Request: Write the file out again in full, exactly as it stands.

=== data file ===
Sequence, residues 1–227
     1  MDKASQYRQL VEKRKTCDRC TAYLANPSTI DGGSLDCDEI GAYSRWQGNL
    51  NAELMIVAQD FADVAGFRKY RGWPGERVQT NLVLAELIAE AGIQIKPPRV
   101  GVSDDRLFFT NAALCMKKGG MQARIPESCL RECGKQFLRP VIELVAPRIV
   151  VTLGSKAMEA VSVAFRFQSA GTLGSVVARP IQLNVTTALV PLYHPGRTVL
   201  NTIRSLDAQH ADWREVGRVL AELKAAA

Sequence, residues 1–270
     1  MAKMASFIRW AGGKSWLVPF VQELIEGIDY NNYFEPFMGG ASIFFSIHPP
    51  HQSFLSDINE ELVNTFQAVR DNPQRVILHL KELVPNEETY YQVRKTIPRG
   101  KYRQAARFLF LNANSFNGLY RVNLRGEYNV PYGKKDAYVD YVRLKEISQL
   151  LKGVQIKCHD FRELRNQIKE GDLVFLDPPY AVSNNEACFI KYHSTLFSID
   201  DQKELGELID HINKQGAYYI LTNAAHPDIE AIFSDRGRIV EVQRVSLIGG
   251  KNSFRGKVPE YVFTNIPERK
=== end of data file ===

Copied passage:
Sequence, residues 1–227
     1  MDKASQYRQL VEKRKTCDRC TAYLANPSTI DGGSLDCDEI GAYSRWQGNL
    51  NAELMIVAQD FADVAGFRKY RGWPGERVQT NLVLAELIAE AGIQIKPPRV
   101  GVSDDRLFFT NAALCMKKGG MQARIPESCL RECGKQFLRP VIELVAPRIV
   151  VTLGSKAMEA VSVAFRFQSA GTLGSVVARP IQLNVTTALV PLYHPGRTVL
   201  NTIRSLDAQH ADWREVGRVL AELKAAA

Sequence, residues 1–270
     1  MAKMASFIRW AGGKSWLVPF VQELIEGIDY NNYFEPFMGG ASIFFSIHPP
    51  HQSFLSDINE ELVNTFQAVR DNPQRVILHL KELVPNEETY YQVRKTIPRG
   101  KYRQAARFLF LNANSFNGLY RVNLRGEYNV PYGKKDAYVD YVRLKEISQL
   151  LKGVQIKCHD FRELRNQIKE GDLVFLDPPY AVSNNEACFI KYHSTLFSID
   201  DQKELGELID HINKQGAYYI LTNAAHPDIE AIFSDRGRIV EVQRVSLIGG
   251  KNSFRGKVPE YVFTNIPERK